One of the things that comes up when you do research on this comes out of the Rabbinical tradition, coming a little bit after the book of Matthew but perhaps representing a tradition that had been going on before. They speak of lamps in the same way that Matthew does. But when they speak of lamp oil, they talk about good deeds. It comes up in an explanation of the book of Numbers, “that the study of the Torah must be mingled with good deeds.”[1] This makes the story make a little more sense. It explains why the five wise bridesmaids couldn’t give their oil to the foolish ones. Good deeds aren’t a commodity that can be given to someone else. We have to do them for ourselves. So perhaps the oil represents our good actions. This resonates a little bit for me because I find that when I do something good for someone else I want to do more, and thus each good deed helps fuel the next.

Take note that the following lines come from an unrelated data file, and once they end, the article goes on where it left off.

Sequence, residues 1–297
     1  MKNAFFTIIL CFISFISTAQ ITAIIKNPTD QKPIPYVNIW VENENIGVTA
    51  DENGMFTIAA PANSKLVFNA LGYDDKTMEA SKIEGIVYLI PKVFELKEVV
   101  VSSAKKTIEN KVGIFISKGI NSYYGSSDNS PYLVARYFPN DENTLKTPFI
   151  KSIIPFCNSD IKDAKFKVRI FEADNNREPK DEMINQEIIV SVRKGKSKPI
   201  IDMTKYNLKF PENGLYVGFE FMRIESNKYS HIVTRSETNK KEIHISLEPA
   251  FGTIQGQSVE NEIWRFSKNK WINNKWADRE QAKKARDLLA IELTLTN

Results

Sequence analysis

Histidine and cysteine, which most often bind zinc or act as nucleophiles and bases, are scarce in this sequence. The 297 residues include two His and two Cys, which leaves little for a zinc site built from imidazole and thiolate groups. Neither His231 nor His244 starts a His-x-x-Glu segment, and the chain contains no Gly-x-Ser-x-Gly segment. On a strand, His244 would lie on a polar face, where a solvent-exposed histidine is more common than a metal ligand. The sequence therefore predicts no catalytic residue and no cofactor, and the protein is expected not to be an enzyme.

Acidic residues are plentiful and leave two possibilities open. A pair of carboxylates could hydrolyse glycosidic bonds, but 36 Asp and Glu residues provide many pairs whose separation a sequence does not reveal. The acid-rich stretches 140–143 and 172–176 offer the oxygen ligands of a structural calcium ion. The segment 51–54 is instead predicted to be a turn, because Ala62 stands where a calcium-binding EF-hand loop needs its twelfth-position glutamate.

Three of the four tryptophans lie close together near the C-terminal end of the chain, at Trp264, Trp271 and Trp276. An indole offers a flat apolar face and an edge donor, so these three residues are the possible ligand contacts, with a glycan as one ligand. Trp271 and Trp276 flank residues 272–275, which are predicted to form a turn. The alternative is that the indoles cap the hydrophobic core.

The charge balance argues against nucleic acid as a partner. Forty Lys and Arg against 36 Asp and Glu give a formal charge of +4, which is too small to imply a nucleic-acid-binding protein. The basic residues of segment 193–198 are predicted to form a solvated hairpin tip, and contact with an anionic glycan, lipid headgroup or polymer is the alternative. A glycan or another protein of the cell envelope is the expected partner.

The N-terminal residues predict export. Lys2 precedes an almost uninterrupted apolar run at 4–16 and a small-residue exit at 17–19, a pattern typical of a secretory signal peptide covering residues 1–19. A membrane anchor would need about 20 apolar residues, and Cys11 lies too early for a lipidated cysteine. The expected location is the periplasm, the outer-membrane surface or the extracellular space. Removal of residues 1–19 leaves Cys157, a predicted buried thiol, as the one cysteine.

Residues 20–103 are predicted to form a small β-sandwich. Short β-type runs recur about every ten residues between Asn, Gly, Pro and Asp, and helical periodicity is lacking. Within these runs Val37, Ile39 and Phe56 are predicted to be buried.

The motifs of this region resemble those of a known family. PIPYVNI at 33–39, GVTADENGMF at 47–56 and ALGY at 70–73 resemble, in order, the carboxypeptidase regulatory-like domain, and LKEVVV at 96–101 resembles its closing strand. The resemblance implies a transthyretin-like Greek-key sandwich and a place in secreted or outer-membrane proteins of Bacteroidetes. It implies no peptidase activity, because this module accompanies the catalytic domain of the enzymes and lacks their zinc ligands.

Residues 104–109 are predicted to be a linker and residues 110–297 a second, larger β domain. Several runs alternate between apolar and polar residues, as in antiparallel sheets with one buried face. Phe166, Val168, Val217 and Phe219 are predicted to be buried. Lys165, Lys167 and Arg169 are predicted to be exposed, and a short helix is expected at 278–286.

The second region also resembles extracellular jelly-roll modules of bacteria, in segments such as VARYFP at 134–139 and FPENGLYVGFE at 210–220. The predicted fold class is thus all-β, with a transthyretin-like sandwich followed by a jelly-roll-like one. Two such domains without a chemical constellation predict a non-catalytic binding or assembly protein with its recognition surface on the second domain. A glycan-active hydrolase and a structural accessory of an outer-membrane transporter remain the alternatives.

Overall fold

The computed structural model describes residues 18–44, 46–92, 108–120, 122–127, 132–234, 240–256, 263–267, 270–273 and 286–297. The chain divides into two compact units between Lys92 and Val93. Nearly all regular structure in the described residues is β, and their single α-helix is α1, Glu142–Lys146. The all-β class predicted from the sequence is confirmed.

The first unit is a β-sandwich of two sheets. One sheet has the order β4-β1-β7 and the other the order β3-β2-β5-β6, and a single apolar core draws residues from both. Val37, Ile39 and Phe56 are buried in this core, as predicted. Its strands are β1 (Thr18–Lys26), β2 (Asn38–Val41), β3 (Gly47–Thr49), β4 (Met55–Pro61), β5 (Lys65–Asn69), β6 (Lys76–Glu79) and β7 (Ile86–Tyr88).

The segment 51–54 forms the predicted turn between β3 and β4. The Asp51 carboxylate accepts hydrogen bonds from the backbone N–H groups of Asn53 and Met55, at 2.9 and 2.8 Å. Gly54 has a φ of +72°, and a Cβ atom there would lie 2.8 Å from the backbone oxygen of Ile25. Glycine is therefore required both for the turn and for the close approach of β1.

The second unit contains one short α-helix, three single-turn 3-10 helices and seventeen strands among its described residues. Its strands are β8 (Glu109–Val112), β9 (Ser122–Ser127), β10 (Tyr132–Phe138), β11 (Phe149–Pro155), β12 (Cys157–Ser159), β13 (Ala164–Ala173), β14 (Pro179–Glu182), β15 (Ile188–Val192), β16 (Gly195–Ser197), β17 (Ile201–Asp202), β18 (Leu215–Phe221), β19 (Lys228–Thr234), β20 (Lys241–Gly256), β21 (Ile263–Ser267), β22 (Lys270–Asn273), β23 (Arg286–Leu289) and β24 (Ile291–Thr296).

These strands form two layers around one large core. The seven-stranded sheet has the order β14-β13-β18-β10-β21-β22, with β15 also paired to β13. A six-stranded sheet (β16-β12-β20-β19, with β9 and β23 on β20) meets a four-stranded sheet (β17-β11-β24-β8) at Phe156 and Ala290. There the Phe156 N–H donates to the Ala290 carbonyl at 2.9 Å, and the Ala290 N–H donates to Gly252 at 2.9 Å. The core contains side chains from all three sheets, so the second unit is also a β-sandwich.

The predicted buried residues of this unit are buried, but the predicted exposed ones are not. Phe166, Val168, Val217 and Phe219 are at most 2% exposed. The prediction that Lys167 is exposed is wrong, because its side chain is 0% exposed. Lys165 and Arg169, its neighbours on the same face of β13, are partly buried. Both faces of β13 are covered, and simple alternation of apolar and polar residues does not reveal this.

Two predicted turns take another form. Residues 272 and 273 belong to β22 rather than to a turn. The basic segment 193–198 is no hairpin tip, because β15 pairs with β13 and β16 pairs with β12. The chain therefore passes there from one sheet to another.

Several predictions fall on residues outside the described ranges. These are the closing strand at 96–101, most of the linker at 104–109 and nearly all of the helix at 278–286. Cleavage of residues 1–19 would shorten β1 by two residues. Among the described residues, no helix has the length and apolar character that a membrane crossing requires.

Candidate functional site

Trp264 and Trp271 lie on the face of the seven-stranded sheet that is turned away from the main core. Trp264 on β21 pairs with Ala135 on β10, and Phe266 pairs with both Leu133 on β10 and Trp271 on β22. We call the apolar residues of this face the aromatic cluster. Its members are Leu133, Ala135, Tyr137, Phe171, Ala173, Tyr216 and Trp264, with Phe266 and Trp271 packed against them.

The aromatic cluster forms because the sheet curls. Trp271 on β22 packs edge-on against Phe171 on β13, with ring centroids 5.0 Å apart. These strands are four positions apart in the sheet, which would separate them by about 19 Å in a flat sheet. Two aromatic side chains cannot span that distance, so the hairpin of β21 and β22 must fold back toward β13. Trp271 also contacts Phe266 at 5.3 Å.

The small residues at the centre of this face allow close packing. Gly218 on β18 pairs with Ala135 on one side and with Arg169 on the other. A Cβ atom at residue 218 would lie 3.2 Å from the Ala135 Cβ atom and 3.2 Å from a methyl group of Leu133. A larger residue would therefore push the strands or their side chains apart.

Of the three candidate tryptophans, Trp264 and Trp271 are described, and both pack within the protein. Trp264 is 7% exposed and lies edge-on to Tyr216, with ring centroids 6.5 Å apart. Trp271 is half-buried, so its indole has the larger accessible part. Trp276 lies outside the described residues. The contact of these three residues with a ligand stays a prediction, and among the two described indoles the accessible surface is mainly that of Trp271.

Like any Bible story, we leave the text with more questions than answers. Why is there no bride in this wedding story? Why is it that the foolish are too late even though the party is still going on? But the deep question that it asks for us today is what fuels you? What is it in the world that keeps your lamp burning? What helps you shine your light in the darkness?